Rep. Joseph M. McNamara (D-Dist. 19, Warwick, Cranston) has introduced legislation that would gradually change the way car value is assessed for taxes from clean retail value to trade-in value.
“Most people are not driving around in cars with clean retail value. Almost all of us have cars with trade-in value,” said Representative McNamara, chairman of the House Committee in Health, Education and Welfare. “A car is a necessity for working Rhode Islanders, and we’re taxing it on a false value. We have to work at re-establishing the trust people have in government. Without that trust, our system of taxation will not work when it’s based on false and unfair assessments.”
The bill (2016-H 7231) would amend car tax statutes so that the assessment of used motor vehicles would be reduced to 95 percent of clean retail value for the first year after passage, then 90 percent of the clean retail value for the subsequent year, and thereafter 100 percent of the average trade-in value.
When Representative McNamara introduced this bill during last session, it met with some resistance from municipal officials, who feared a substantial loss in revenue from assessing trade-in value of motor vehicles. The bill introduced this year contains language to ensure that the state indemnifies each city and town for lost revenue by a method to be established by the General Assembly.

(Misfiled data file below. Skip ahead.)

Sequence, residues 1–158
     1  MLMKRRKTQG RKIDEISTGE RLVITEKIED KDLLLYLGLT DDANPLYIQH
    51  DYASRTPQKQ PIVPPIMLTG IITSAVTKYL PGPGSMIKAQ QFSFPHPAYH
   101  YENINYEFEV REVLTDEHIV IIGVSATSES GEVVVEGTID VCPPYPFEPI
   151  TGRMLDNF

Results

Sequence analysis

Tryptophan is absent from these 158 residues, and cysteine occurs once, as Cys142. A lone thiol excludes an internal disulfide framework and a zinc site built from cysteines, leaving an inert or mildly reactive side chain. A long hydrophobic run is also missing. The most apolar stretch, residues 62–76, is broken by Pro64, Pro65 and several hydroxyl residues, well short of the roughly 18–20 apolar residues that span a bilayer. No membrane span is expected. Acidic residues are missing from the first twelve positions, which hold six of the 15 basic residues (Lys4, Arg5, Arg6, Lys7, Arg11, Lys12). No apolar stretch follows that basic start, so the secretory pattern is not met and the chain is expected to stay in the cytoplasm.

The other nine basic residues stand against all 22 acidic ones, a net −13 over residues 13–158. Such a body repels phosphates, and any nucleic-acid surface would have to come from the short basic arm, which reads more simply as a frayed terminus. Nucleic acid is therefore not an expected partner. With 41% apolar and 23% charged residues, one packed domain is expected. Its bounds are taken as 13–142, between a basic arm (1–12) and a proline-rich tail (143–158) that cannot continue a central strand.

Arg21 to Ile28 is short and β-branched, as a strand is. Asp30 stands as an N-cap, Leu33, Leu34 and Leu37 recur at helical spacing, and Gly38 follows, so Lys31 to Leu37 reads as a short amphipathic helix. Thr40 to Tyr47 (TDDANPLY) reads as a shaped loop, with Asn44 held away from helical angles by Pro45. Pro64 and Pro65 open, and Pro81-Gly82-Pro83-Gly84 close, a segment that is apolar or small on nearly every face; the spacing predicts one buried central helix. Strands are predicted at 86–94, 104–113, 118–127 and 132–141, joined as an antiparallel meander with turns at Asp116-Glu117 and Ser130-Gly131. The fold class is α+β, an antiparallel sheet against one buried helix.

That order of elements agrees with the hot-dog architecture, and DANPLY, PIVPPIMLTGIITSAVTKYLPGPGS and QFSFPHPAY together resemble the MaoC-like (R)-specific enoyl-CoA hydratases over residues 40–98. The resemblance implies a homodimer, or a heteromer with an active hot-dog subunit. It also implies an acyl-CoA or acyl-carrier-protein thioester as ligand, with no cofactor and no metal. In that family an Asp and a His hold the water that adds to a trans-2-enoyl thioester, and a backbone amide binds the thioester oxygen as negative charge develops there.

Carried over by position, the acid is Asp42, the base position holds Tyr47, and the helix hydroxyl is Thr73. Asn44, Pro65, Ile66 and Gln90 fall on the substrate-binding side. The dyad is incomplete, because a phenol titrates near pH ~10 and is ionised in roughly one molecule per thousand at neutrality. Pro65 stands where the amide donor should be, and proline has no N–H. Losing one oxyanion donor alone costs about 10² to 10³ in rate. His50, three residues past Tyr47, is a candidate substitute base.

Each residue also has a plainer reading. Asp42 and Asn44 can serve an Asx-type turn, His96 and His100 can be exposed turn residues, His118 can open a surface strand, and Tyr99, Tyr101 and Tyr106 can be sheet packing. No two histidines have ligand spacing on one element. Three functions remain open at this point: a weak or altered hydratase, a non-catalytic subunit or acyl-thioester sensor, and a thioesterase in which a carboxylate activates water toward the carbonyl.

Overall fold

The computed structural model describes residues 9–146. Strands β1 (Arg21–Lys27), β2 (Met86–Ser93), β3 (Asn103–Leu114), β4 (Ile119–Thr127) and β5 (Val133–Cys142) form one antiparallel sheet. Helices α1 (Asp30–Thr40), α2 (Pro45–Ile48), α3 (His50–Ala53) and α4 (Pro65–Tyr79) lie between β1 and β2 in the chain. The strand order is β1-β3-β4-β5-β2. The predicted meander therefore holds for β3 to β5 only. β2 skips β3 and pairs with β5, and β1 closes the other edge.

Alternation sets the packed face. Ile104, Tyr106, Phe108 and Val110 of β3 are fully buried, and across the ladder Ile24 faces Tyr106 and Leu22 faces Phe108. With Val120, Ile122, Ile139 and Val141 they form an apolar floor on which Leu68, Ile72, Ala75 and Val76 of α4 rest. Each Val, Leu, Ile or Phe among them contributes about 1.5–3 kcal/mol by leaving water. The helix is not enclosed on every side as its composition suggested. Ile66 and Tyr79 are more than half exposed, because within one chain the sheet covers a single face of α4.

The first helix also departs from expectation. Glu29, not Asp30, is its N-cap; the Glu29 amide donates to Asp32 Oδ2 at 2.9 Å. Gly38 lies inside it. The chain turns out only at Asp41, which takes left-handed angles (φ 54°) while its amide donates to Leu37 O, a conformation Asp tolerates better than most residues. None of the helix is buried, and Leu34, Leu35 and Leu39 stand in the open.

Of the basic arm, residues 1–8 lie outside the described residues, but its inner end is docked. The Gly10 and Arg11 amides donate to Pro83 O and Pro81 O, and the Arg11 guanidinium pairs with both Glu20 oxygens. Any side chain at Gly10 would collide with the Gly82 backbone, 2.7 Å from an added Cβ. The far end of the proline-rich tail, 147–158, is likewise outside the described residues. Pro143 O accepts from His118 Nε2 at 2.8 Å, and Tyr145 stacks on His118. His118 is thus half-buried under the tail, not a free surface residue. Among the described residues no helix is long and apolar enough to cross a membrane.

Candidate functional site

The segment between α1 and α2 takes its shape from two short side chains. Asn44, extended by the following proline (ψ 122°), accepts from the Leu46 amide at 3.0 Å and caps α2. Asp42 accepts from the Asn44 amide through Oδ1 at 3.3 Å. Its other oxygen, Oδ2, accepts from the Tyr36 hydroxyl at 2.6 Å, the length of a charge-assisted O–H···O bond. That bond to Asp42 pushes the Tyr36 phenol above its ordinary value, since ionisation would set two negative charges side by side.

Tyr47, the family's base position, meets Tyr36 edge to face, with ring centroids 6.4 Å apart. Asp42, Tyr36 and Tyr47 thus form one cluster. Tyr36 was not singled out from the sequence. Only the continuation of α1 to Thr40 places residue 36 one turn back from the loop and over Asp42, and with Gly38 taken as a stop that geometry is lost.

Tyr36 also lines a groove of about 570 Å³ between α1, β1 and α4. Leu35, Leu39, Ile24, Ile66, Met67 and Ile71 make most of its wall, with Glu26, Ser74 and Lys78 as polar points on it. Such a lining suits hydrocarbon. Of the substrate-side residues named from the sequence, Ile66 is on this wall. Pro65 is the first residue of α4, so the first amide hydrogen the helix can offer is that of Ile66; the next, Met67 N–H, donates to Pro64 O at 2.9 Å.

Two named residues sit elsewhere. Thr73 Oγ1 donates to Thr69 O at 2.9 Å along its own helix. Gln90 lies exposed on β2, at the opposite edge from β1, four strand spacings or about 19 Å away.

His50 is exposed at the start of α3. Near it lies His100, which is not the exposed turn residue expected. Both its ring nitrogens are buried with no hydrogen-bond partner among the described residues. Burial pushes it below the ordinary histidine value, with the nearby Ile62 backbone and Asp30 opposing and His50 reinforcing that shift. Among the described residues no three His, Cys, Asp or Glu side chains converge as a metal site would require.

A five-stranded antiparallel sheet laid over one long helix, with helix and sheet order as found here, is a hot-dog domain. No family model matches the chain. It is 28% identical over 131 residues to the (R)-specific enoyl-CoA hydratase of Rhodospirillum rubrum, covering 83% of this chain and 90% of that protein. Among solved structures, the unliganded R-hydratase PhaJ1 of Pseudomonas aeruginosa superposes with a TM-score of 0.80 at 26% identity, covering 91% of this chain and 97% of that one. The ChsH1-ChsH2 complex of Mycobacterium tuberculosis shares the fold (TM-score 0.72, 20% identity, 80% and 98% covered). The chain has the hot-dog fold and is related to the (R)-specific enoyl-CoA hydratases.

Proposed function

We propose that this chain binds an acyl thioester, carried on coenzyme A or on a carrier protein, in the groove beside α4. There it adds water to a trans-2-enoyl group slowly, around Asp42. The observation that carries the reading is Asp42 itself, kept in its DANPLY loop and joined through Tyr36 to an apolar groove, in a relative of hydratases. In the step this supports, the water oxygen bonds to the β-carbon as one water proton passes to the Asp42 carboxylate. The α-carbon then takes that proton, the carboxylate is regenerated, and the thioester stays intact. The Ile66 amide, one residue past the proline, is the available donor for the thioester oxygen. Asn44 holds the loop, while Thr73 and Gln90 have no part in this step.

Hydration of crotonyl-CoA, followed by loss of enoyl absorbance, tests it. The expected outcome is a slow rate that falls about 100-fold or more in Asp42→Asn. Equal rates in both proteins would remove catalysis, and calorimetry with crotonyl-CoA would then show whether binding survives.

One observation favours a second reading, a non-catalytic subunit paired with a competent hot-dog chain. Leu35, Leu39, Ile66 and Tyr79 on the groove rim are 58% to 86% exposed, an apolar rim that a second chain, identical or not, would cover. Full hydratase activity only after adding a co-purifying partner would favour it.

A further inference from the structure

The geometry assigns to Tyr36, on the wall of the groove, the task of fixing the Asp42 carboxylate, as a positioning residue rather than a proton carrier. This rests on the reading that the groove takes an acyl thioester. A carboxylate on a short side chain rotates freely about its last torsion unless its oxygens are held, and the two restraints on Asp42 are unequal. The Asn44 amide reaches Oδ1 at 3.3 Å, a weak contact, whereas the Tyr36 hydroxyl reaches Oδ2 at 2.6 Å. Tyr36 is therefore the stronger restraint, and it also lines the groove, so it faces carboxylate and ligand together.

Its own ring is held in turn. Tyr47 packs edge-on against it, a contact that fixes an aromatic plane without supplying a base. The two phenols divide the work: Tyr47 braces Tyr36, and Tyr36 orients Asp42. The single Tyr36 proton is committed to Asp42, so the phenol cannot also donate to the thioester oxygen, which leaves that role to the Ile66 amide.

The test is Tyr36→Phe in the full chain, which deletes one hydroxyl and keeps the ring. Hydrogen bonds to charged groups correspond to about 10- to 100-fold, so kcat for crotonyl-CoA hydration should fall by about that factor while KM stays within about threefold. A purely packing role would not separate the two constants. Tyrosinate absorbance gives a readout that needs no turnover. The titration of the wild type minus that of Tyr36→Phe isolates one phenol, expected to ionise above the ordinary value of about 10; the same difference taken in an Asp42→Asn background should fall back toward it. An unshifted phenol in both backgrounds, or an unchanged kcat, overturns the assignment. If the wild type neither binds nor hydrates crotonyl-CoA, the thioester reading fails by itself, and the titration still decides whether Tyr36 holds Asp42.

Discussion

“I know many local officials came forward last year with concerns about the financial burden the new assessments would place on their communities,” said Representative McNamara. “That’s why we’ve put in a provision that has the state make up the difference — to remove that burden from the municipalities.”
The bill, which is cosponsored by Representatives Raymond H. Johnston Jr. (D-Dist. 61, Pawtucket), Jan P. Malik (D-Dist. 67, Warren, Barrington), Arthur J. Corvese (D-Dist. 55, North Providence) and Samuel A. Azzinaro (D-Dist. 37, Westerly), has been referred to the House Finance Committee.